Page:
why aren't you—you probably noticed that my self-promotion pedal was pushed to the limit today. That's because I was able to interview the estimable Lloyd Braun for the estimable Vulture blog at New York magazine.
For those out of the loop: Braun was the ABC executive who greenlit Lost, only to be fired before it ever aired. The rest, as they say, is history. The twist is that in an effort to keep Braun as part of the show, executive producer J.J. Abrams commissioned the ousted executive to voice "Previously on Lost" before every episode—a mystery that even a gigantic Lost nerd like myself didn't realize until last week (I had always assumed it was John Terry a.k.a. Christian Shephard).
I got to speak with Braun for nearly thirty minutes last week and the results of our conversation appeared on the Vulture blog earlier Monday. However, like you would expect, there were some great nuggets left on the cutting room floor due to space constraints. You can read the published interview here. After the jump, however, check out some choice "director's cut" selections about the legacy Lost will have on television in the future.
What kind of legacy do you see Lost having?
The shows that have the best chance of resonating with an audience are ones that don’t, in any way, feel derivative. There are so many choices out there. People aren’t looking—in my opinion—for a different version of a show that’s already on the air. I think if you look at a show on ABC like Modern Family—which is a terrific show—there wasn’t anything on TV like Modern Family. You look at Glee. There isn’t anything on TV like Glee. I think there’s a lot to learn when you look at the shows that work and the common thread that you often find is that there wasn’t anything on television like that.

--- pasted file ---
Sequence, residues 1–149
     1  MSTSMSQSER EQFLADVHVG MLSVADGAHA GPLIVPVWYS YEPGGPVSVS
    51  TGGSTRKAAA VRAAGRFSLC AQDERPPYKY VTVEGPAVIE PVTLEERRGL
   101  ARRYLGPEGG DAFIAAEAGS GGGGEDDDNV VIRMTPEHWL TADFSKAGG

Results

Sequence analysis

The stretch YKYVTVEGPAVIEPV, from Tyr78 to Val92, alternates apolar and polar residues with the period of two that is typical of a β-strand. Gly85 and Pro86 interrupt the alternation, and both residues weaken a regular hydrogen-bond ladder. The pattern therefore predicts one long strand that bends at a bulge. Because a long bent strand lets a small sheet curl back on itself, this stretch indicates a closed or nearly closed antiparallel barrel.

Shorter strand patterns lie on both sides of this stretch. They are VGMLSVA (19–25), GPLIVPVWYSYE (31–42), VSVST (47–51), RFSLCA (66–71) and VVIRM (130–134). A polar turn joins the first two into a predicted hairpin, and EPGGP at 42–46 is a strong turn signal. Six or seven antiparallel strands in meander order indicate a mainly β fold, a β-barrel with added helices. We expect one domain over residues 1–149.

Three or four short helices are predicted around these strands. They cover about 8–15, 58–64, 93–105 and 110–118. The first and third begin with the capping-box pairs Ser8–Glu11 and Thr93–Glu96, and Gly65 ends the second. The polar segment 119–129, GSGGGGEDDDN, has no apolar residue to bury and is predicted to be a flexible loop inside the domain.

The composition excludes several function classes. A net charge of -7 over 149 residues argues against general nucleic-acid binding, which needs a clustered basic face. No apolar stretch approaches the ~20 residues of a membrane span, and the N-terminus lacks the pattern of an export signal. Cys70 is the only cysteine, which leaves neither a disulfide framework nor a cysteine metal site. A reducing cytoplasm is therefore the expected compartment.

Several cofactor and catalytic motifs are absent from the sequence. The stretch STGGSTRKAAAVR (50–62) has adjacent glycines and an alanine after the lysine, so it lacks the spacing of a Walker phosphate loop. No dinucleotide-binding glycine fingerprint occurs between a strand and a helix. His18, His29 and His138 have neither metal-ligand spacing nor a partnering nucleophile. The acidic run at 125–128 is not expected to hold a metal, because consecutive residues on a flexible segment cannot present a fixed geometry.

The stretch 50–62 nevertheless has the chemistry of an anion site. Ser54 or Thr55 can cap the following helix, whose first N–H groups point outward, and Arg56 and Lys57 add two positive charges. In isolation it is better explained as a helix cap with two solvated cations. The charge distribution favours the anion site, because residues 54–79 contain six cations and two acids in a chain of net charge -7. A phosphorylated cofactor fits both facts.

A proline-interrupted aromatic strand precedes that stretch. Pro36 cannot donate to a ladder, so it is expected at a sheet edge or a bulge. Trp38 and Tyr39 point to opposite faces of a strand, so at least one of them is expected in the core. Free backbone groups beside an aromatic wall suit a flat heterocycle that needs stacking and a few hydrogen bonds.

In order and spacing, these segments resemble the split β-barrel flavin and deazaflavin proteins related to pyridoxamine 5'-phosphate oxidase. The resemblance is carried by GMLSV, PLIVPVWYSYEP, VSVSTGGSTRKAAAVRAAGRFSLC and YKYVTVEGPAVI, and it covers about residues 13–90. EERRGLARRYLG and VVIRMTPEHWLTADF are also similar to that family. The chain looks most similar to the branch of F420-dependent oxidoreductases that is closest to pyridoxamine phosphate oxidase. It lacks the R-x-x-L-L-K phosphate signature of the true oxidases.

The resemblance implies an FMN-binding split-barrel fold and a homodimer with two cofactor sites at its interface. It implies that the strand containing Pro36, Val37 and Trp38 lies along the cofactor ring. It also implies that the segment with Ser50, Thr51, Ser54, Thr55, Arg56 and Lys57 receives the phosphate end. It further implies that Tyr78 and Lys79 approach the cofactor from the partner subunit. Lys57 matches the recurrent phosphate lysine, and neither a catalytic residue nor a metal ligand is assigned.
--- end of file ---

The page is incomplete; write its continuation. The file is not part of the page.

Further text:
So then do you think that networks will take more risks in the wake of Lost?
I wish I could tell you that were the case. The truth is, I think it’s gotten harder and harder to put a show like Lost on the air. As there’s more and more pressure on all these companies—and certainly all these executives—and the scrutiny on decisions is so significant, it becomes harder and harder to take big risks like that. Let’s not forget, Lost was an enormously expensive pilot. It’s gotten more difficult to make a really big bet on a concept that is completely out of the box. It still happens, but it doesn’t happen very often.
Of course, the sad part about those statements is that Braun is right. It's a vicious cycle: people love television shows that go outside the box, but network executives are afraid to go outside the box. And don't think this terrible economy makes things any easier. (By the way, if you have a full time job, I'm available; thanks Air America!). That means if we see another show like Lost in the near future—and not some hack rip-off like FlashForward or V—it will take a minor miracle.
Good thing Lost still exists... at least for another three months.